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Extra Credit Museum Trip

There are many different ways to learn; (passively absorbing material in a classroom is one of the WORST ways to learn) among the best ways that researchers have found for people to learn about a subject includes active involvement and experiencing as many different methods of communication about a concept as possible. To help you learn a bit more about the things we are studying and force you from your humble places of residence, this assignment requires that you visit and report back about a museum exhibit.

The world is a wide and interesting place, and only through different types of exposure will you (as human beings) get an idea of how amazing, immense, varied and diverse it is.

Parts of your assignment:

1.      gain instructor approval for the museum/historic house etc. you plan to visit

2.      visit a museum whose subject falls within the time period we study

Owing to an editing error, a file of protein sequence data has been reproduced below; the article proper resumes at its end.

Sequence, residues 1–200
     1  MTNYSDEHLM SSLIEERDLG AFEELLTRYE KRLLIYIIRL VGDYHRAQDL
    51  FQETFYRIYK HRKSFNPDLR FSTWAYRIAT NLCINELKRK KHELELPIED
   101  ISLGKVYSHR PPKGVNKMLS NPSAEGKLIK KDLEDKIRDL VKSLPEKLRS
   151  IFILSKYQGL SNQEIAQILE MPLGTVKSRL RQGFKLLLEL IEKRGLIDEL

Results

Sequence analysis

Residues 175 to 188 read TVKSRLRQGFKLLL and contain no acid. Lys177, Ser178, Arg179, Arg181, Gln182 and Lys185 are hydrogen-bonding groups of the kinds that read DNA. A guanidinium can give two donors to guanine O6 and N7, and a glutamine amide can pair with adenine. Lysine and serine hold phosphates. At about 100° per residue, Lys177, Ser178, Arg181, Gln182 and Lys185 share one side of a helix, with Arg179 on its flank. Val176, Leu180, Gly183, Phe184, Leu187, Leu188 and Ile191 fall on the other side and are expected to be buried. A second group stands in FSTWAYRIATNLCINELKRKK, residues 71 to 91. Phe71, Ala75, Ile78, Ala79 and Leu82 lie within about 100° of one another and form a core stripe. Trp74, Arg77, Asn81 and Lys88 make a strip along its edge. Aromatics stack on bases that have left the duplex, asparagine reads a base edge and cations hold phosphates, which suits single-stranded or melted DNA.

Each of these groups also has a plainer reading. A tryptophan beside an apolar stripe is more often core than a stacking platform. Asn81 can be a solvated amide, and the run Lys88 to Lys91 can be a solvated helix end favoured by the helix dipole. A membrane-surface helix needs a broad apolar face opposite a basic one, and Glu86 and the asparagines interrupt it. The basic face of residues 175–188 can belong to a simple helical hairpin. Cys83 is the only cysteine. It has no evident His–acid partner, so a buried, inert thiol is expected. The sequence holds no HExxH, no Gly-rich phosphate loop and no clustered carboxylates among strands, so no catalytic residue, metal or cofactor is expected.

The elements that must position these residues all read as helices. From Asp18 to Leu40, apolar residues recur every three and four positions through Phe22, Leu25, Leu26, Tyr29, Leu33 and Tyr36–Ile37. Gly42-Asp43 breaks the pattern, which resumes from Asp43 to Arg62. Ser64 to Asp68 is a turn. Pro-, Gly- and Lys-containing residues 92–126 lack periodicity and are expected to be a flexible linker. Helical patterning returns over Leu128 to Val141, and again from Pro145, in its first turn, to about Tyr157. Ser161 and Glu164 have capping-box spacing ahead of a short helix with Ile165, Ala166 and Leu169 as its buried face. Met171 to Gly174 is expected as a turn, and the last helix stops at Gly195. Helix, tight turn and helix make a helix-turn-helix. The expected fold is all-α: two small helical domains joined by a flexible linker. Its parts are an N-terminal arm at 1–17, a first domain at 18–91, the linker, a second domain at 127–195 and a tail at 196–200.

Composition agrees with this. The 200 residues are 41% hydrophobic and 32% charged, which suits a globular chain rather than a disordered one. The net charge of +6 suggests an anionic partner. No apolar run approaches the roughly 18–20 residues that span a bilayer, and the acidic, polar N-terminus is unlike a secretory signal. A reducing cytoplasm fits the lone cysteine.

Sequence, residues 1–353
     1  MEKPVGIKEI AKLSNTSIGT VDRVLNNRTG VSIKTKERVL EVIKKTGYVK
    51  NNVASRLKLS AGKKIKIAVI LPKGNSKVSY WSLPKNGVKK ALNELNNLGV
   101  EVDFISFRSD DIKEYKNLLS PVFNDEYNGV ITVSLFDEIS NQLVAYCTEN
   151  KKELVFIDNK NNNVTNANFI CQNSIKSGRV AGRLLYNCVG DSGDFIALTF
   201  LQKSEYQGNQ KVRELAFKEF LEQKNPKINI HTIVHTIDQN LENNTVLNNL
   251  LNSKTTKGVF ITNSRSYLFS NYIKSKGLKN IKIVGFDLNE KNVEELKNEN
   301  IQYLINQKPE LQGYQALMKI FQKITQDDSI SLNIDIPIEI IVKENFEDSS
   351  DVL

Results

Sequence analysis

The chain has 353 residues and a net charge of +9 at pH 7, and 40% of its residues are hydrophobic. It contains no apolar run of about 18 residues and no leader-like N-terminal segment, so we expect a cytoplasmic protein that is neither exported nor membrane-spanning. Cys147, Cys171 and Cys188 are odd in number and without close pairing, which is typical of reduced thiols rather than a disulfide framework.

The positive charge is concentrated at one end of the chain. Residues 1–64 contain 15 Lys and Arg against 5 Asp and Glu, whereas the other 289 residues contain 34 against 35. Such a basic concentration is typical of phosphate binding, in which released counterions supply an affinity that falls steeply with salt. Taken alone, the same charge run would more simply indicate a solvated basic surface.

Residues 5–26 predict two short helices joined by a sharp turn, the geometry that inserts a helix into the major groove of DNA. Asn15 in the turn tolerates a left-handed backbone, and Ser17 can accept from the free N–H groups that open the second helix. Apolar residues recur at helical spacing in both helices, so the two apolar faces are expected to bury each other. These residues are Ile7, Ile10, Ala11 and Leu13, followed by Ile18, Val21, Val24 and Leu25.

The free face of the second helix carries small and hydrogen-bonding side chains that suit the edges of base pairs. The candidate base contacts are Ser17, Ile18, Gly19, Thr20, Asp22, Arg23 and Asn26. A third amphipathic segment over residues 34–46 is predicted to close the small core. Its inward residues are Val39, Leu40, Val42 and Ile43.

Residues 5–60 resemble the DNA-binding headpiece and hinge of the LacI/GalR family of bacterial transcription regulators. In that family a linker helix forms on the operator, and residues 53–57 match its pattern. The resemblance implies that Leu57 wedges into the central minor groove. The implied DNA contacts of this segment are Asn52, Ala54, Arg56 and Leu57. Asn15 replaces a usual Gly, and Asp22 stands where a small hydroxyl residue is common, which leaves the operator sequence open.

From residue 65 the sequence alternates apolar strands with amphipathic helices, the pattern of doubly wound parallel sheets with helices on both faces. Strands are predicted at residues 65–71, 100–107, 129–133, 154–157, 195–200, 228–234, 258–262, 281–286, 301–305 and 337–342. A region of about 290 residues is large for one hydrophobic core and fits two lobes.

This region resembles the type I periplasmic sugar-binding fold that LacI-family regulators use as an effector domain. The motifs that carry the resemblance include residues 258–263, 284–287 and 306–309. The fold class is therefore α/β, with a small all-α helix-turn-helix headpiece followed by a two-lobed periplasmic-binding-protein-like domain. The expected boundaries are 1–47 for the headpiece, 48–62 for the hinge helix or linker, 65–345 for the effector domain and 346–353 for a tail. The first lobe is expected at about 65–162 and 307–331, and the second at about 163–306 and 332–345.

3.      provide a photo of you in front of the museum sign (smiling, of course!)

4.      provide a piece of literature from the museum you attended (museum name should be easily visible)

5.      a paper of at least three (3) full pages covering the following subjects:

a.      why you chose this particular museum

b.      what exhibit you saw, and why you chose it

c.       your favorite object in the exhibit (a hat, crown, song…)

d.      why that was your favorite part of the exhibit

e.       what you learned

6.      turn in all parts by the first days of the research presentations

If you intend to complete this assignment, you must get the museum or historic house you intend to visit approved from the professor PRIOR to visiting the museum.

You may increase your grade by as much as 5%.

Assignment is due last class session prior to presentation of your final paper.

Potential locations for your museum/historic house visits:

George Mason's home: http://www.gunstonhall.org/
Thomas Jefferson primary residence, Monticello: http://www.monticello.org/
his vacation home, Poplar Forest: http://www.poplarforest.org/
James Madison's home, Montpelier: http://www.montpelier.org/
Thomas Carter's home, Berkeley Plantation: http://www.berkeleyplantation.com/
The Hill-Carter's (ancestors of the Lee family): http://www.shirleyplantation.com/
Plantations from Virginia's first 100 years on the James River http://www.jamesriverplantations.org/


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Last Edited: Monday November 10, 2008
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